Hamsa Harcourt
Jun 9, 2023 ⋅ 8 min read

Guide to removing unused CSS code with PurgeCSS

Hamsa Harcourt I'm Hamsa, a software engineer with a strong passion for building human-centric products. I love teaching concepts about JavaScript and the web at large.

Recent posts:

Exploring Zed, A Newly Open Source Code Editor Written In Rust

Exploring Zed, an open source code editor written in Rust

The Zed code editor sets itself apart with its lightning-fast performance and cutting-edge collaborative features.

Nefe Emadamerho-Atori
Apr 22, 2024 ⋅ 7 min read
Implementing Infinite Scroll In Next Js With Server Actions

Implementing infinite scroll in Next.js with Server Actions

Infinite scrolling in Next.js no longer requires external libraries — Server Actions let us fetch initial data directly on the server.

Rahul Chhodde
Apr 19, 2024 ⋅ 10 min read
Integrating Django Templates With React For Dynamic Webpages

Integrating Django templates with React for dynamic webpages

Create a dynamic demo blog site using Django and React to demonstrate Django’s server-side functionalities and React’s interactive UI.

Kayode Adeniyi
Apr 18, 2024 ⋅ 7 min read
Using Aoi Js To Build A Bot For Discord

Using aoi.js to build a bot on Discord

Explore how the aoi.js library makes it easy to create Discord bots with useful functionalities for frontend applications.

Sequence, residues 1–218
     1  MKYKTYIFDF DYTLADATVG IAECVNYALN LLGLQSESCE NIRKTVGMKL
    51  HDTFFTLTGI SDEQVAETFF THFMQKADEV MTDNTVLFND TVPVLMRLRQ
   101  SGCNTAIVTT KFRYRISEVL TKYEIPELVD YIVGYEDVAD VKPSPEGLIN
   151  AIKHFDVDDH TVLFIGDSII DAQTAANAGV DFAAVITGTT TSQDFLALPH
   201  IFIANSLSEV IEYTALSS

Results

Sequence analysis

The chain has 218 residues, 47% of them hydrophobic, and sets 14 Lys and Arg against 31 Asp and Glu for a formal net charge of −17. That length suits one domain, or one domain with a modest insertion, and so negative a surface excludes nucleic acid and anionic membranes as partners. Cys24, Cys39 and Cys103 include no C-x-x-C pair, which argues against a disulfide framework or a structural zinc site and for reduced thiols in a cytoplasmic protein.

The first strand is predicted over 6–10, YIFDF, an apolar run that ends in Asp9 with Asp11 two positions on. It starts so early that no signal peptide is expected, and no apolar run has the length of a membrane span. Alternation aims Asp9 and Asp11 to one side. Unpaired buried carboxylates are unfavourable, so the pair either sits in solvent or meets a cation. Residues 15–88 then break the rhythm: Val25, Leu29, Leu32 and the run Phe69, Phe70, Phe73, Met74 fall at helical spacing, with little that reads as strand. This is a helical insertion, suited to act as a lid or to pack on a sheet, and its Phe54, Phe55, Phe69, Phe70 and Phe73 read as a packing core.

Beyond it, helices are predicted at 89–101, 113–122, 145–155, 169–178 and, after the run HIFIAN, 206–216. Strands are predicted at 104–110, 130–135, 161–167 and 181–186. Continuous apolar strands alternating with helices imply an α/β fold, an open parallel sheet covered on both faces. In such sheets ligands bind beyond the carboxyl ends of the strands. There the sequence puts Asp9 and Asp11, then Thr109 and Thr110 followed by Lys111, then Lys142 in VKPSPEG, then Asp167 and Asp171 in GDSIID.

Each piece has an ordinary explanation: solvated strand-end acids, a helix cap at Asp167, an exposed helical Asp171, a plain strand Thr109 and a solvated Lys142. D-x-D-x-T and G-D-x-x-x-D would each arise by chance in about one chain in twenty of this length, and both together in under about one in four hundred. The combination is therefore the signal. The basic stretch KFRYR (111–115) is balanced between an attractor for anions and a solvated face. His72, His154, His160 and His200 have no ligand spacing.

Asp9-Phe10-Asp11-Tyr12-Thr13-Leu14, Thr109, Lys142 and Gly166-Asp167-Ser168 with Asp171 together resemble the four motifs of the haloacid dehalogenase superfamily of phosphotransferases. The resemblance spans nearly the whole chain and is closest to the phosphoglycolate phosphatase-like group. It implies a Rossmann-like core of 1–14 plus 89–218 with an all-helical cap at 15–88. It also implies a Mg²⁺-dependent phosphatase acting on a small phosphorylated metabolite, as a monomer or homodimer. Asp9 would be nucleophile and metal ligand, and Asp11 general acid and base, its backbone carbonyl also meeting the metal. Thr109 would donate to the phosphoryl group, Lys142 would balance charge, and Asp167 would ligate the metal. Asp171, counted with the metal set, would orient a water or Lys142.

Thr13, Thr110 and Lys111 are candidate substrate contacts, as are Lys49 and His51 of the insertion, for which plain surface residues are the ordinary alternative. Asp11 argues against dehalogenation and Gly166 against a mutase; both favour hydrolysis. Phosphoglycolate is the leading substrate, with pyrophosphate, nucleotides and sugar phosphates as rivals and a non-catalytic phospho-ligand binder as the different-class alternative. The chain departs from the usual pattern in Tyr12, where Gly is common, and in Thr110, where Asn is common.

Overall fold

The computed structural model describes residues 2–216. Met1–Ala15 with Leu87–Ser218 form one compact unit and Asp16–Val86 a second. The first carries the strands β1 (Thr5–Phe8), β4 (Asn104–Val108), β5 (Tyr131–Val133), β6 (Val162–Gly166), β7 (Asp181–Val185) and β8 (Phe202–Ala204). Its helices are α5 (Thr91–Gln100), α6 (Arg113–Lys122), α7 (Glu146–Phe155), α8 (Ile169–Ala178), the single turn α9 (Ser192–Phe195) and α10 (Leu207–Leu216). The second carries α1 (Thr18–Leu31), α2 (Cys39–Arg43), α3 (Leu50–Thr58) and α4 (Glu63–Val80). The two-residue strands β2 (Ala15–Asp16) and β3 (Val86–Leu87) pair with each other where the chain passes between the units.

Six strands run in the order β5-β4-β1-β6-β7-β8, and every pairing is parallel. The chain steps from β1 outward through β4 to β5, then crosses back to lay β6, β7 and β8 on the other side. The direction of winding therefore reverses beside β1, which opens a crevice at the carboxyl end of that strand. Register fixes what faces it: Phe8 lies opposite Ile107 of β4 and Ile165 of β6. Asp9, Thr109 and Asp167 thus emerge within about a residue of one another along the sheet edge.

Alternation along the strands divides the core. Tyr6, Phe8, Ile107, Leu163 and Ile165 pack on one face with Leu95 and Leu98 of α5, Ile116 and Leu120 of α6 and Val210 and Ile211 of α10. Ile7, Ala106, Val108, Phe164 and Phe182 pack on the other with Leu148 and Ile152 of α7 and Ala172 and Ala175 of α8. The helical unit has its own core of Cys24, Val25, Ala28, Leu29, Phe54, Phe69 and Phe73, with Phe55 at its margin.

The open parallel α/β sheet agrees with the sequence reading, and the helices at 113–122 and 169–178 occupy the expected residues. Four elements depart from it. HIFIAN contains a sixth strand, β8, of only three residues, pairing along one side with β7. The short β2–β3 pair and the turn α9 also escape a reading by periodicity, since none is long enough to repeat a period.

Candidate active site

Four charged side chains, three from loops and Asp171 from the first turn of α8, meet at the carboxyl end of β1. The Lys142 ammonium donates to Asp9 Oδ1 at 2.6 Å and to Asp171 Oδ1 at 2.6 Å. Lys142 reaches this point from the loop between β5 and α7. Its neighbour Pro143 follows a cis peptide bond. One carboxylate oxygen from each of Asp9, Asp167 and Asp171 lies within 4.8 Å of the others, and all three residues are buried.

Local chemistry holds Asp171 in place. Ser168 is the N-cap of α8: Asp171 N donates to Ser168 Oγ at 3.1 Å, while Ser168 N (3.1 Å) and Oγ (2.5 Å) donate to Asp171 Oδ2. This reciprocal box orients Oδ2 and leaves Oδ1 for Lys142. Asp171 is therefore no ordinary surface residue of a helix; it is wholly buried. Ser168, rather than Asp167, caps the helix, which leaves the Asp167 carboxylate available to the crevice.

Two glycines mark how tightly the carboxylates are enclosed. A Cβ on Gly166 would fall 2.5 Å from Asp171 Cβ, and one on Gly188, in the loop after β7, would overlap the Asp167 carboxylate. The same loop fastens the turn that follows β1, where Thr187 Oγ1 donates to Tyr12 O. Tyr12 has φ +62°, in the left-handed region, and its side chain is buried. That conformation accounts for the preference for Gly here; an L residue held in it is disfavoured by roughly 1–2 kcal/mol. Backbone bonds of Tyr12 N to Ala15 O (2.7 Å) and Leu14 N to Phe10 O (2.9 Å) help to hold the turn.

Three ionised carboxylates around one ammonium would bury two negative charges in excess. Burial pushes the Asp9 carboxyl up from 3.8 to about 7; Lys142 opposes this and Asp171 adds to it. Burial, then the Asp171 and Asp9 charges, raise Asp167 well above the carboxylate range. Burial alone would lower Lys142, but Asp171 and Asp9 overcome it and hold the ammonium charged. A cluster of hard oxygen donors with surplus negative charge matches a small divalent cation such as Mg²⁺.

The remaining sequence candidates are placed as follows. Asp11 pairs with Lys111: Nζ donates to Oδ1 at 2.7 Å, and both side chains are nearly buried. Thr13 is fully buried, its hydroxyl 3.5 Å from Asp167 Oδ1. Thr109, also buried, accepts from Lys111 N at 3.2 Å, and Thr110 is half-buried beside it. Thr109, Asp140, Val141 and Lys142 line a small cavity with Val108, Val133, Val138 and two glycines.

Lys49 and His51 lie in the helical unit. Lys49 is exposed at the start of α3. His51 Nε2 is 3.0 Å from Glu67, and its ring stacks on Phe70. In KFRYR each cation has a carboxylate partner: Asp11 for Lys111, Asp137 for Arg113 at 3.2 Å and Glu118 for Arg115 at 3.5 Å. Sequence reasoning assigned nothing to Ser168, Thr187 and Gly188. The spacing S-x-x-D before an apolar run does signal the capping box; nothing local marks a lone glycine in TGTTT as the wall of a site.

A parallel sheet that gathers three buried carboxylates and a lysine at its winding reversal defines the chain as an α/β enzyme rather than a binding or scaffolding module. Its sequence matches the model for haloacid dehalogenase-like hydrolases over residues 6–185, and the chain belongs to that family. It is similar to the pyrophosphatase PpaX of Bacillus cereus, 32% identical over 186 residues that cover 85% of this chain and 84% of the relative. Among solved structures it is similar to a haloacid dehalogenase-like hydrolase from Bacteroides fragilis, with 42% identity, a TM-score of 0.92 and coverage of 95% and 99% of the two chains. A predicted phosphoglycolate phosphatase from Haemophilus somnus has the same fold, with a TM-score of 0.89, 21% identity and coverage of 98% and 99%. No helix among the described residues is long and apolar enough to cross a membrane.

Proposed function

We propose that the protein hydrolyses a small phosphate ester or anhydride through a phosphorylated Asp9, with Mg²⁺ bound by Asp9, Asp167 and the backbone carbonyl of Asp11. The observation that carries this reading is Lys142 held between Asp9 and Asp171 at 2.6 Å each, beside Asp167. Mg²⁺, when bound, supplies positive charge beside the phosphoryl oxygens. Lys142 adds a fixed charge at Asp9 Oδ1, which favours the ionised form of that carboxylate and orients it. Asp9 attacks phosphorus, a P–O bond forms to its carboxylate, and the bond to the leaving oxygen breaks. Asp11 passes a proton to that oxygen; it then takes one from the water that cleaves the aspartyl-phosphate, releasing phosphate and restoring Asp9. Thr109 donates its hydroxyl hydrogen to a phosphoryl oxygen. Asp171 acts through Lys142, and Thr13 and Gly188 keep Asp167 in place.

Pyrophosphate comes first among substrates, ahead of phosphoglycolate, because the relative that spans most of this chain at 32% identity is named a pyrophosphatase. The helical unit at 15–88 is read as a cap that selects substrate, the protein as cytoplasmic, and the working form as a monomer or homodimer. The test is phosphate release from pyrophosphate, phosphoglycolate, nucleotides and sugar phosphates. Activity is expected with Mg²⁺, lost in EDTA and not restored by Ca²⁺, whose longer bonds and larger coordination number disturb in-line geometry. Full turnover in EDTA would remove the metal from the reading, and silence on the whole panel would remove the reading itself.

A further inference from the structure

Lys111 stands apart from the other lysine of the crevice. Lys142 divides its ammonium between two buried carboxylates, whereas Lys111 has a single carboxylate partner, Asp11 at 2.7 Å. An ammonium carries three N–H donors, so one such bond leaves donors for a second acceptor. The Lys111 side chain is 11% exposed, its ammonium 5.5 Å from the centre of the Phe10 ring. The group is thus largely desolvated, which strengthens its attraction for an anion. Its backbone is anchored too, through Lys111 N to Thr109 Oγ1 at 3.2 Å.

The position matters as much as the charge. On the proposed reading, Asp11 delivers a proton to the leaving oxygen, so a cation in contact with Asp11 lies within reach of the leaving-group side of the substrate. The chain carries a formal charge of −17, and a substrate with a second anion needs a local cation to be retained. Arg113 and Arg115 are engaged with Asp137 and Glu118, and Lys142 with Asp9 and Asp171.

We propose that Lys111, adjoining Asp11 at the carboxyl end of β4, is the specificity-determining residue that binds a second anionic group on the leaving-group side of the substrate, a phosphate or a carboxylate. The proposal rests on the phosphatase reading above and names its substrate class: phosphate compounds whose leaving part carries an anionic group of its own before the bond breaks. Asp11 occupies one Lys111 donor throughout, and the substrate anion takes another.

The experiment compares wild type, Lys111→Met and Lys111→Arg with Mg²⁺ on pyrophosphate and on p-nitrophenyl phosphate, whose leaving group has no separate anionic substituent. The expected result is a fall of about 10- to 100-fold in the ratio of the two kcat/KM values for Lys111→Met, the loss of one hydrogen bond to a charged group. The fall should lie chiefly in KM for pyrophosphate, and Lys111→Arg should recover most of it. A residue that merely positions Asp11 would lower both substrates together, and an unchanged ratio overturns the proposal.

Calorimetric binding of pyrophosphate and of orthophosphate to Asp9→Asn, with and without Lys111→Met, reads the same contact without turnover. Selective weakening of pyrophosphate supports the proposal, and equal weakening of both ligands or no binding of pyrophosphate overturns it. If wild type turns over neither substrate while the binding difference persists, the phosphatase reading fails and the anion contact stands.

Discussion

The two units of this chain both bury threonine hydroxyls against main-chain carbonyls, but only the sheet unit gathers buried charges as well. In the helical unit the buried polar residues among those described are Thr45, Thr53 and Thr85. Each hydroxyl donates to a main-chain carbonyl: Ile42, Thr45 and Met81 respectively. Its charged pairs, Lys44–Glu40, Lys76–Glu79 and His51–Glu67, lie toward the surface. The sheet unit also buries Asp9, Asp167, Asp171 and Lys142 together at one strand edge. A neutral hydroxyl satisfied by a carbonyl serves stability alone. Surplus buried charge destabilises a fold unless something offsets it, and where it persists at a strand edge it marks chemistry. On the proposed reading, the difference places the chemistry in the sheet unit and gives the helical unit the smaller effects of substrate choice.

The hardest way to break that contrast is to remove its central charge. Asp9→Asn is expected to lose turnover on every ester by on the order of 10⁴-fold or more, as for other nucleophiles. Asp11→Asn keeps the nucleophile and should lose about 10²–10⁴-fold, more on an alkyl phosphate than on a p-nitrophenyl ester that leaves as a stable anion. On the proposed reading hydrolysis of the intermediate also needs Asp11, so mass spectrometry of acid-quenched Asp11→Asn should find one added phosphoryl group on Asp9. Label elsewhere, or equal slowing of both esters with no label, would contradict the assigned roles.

Rahul Padalkar
Apr 17, 2024 ⋅ 9 min read
View all posts

6 Replies to "Guide to removing unused CSS code with PurgeCSS"

    1. Keep in mind that PurgeCSS doesn’t touch your source CSS files, just the ones that are output by the build process. So if you add new code that needs CSS rules that were previously purged, then the next time you build your app PurgeCSS will see that your code is using some new rules and will not purge them in that build.

  1. In frameworks such as Angular, you can use scss which is complied down to css. Is there any way to achieve this on scss?

    1. It doesn’t make sense to run it on SCSS because other SCSS files might be referencing your code dynamically elsewhere. You can transpile it to CSS, then run the process on CSS as part of your CI pipeline or have a local git hook to do so. It has the same effect.

Leave a Reply